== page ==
Series about to crank up seasonal fight for viewers

by Rick Kushman

McClatchy Newspapers (MCT)

18 September 2007

Back to You - Fox - 8 p.m. 

We’ve got the first hyper-competitive night of the TV fall season on Wednesday, and a couple returns of note in the coming days, though the season doesn’t officially begin until next week and don’t get me started on that.

In any case, here’s a reminder that CBS’ “Survivor: China” kicks off Thursday (at 8 p.m.). Now, let’s get to the four new shows premiering Wednesday.

The first is the controversial reality show, “Kid Nation” (at 8 p.m. on CBS), which, in case you’ve missed the screaming, promises to take 40 kids, ages 8 to 15, and have them create their own society - no grownups allowed - as they repair a New Mexico ghost town.

Besides the standard “Lord of the Flies” jokes, there have been other uncomfortable complaints. On one front, there’s a charge that CBS has been misleading us, because the kids weren’t really alone, and because the ghost town is actually a privately owned, semi-rebuilt ranch used as a movie set.

On the other hand, some people complained the kids were over-worked or endangered and that CBS violated, at least in spirit, some child labor laws by putting the kids through long days of shooting and doing chores.

We do know that no kids were grievously injured, and we can bet some people are saying it’s about time that that generation did a little work, but as for the rest, who knows what’s true and how much it will matter?

CBS didn’t send anything to critics to preview, probably because, after saying this summer that a little controversy never hurts, CBS decided too much controversy doesn’t help.

Besides, reviews of “Kid Nation” are a no-win game right now for CBS. If it looks like the kids really did suffer, that’s clearly over the acceptable-reality-show-behavior line. And if critics write that the kids are all safe and happy, CBS would lose the edgy feeling surrounding the show.

So, if anyone is interested, we’ll have to find out together if the show is any good, which is going to be the only thing that really resonates in and out of Hollywood.


Fox has a surprisingly old-school, and enjoyable, comedy in “Back to You” (at 8 p.m.), starring Kelsey Grammer and Patricia Heaton as a reconstituted local TV anchor team with a few old issues to work through.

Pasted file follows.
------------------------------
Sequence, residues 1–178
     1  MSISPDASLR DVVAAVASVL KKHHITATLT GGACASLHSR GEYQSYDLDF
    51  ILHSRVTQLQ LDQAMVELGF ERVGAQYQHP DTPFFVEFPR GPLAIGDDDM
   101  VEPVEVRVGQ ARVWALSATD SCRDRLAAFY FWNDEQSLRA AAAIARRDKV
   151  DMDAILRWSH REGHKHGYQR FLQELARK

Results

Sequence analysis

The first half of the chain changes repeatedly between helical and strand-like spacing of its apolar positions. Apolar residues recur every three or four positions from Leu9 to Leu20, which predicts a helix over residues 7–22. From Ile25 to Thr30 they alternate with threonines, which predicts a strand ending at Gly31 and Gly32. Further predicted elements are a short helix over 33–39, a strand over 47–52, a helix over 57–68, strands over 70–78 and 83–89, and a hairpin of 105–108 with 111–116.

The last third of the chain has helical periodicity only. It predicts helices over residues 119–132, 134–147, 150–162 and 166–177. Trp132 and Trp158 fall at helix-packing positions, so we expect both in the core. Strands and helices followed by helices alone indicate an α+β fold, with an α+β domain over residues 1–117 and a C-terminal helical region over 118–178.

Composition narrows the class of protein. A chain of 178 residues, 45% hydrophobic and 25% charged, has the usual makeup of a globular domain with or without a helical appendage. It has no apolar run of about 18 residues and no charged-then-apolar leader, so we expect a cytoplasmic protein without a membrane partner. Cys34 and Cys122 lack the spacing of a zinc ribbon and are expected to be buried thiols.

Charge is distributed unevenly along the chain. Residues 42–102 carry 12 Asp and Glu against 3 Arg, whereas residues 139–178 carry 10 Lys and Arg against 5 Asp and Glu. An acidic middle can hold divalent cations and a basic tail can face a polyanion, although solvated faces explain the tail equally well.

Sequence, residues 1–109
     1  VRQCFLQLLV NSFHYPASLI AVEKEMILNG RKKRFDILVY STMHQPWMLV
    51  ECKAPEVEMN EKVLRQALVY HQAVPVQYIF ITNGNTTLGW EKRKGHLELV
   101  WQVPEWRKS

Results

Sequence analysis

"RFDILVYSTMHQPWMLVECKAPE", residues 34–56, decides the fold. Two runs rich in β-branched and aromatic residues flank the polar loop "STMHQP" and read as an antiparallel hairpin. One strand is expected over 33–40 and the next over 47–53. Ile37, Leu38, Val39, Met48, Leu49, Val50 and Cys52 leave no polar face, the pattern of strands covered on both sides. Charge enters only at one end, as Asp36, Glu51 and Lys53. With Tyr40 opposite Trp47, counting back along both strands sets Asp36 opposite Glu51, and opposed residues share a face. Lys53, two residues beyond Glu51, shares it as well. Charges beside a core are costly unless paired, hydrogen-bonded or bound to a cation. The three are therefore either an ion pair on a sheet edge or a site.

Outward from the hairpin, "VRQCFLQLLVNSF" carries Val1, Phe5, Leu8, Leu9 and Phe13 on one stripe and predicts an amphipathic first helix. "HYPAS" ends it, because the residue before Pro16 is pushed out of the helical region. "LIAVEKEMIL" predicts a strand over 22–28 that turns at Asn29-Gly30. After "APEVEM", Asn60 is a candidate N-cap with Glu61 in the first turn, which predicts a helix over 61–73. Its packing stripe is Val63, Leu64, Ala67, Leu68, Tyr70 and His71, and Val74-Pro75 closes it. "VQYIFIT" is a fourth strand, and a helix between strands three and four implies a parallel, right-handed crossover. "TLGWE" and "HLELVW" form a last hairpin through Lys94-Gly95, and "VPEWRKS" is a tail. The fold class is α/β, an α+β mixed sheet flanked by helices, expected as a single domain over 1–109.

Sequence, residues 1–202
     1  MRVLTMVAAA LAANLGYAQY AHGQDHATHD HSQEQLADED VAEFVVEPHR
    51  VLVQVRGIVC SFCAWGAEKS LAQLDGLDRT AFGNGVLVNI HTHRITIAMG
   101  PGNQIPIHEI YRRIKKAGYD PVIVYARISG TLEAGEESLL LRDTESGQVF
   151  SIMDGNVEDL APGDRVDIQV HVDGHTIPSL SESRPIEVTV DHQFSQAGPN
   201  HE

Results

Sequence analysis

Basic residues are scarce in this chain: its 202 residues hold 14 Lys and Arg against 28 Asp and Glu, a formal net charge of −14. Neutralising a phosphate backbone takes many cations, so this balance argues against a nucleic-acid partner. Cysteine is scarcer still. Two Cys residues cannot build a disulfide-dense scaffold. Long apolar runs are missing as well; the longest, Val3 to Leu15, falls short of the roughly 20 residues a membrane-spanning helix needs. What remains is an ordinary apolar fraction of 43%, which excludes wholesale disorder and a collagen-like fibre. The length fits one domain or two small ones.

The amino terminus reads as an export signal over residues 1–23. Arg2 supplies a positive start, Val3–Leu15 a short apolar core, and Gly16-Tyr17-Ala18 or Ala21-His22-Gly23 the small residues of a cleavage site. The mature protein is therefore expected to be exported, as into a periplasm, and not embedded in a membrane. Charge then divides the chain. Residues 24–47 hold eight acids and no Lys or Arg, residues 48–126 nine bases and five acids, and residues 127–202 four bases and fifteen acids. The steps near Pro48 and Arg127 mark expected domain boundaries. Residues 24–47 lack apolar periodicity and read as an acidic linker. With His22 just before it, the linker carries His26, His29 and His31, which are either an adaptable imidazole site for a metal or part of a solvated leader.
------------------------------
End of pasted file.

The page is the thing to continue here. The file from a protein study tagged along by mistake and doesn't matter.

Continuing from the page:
Grammer plays a guy with, shall we say, a healthy ego, returning to a smaller station after flubbing a bigger job. Heaton was his former longtime on-air partner, and now that he’s back, their chemistry is even more complicated.

There is nothing particularly groundbreaking here, but there’s a lot to like, starting with the comic timing and sparkle of these two comedy pros.

The writing has its moments, but even when it leans toward corny, Heaton and, particularly, Grammer, make it work. So does co-star Fred Willard, another reliable comic treasure.

“Back to You” is a breezy, happy 30 minutes, and it’s proof the sitcom isn’t dead if you put it in the right hands.


Gordon Ramsey, the raving madman of a chef, is back (at 9 p.m.) in what turns out to be an engaging, if raucous, new series from Fox called “Kitchen Nightmares.”

In this one, Ramsey - who, remember, does not take failure well - adopts inept restaurants in Supernanny-like interventions, and he fixes everything from the cooking and kitchen set-up to the management. Mostly, it’s the management.

What makes this fun, and often funny, is that Ramsey’s pushy, sometimes profane approach, feels nearly understated and heroic up against the egos and bullies he runs into. As for the merely inept, he’s almost polite with them.

In Wednesday’s episode, Ramsey tries to save a family-run Italian restaurant in Babylon, N.Y., that’s being ground down by one co-owning brother, described by others as a cross between a godfather wannabe and a 250-pound spoiled baby.

The guy is the manager on paper, but he mostly just hangs out, orders drinks from the bar, berates the help, and grates on the nerves of family, employees and customers.

Ramsey looks positively genteel next to him, and in dealing with the guy, takes on a kind of dumbfounded tone that is - and you don’t hear this word often with Gordon Ramsey - endearing.

This is all, of course, pure fantasy in the way of reality TV. The changes come too quickly as people suddenly listen and adapt, and customers appear instantly and almost by magic. Still, for Ramsey fans and for foodies, it’s zippy and satisfying light fare.


Finally, CW has “Gossip Girl” (at 9 p.m.), a young-targeted soap about very rich teens in a private Manhattan high school. It’s from Josh Schwartz, the talented creator of “The OC” and is based on a popular series of novels.

But this series is way too mean, and the characters are way too Paris Hilton to care about. CW is betting the show will connect because of that rich-and-trashy sensibility, and because it uses a blog as a voiceover - think Carrie Bradshaw’s voiceover newspaper column in “Sex and the City,” updated and younged down for 2007.

Lots of soaps about rich-and-trashy people work out to be decent, or at least popular, television. “Beverly Hills 90210 and Schwartz’s “The OC” are two recent examples. But until this grows more of a sense of humor, and, more importantly, some kind of a soul, “Gossip Girl” qualifies only as cynical.

//Mixed media